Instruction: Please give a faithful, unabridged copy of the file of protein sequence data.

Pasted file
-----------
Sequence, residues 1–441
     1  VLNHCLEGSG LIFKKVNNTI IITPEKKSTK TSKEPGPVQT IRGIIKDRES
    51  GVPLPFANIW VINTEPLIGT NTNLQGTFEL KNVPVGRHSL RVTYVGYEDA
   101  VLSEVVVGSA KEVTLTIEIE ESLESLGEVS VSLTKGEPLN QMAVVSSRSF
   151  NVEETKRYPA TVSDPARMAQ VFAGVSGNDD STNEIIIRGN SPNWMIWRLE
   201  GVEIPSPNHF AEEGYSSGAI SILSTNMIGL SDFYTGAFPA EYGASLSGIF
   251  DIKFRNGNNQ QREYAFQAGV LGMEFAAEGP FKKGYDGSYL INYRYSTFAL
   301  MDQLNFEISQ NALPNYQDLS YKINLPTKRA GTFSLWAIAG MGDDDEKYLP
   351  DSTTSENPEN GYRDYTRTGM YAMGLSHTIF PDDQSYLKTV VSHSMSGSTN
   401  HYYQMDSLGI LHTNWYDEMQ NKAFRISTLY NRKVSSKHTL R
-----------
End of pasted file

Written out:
Sequence, residues 1–441
     1  VLNHCLEGSG LIFKKVNNTI IITPEKKSTK TSKEPGPVQT IRGIIKDRES
    51  GVPLPFANIW VINTEPLIGT NTNLQGTFEL KNVPVGRHSL RVTYVGYEDA
   101  VLSEVVVGSA KEVTLTIEIE ESLESLGEVS VSLTKGEPLN QMAVVSSRSF
   151  NVEETKRYPA TVSDPARMAQ VFAGVSGNDD STNEIIIRGN SPNWMIWRLE
   201  GVEIPSPNHF AEEGYSSGAI SILSTNMIGL SDFYTGAFPA EYGASLSGIF
   251  DIKFRNGNNQ QREYAFQAGV LGMEFAAEGP FKKGYDGSYL INYRYSTFAL
   301  MDQLNFEISQ NALPNYQDLS YKINLPTKRA GTFSLWAIAG MGDDDEKYLP
   351  DSTTSENPEN GYRDYTRTGM YAMGLSHTIF PDDQSYLKTV VSHSMSGSTN
   401  HYYQMDSLGI LHTNWYDEMQ NKAFRISTLY NRKVSSKHTL R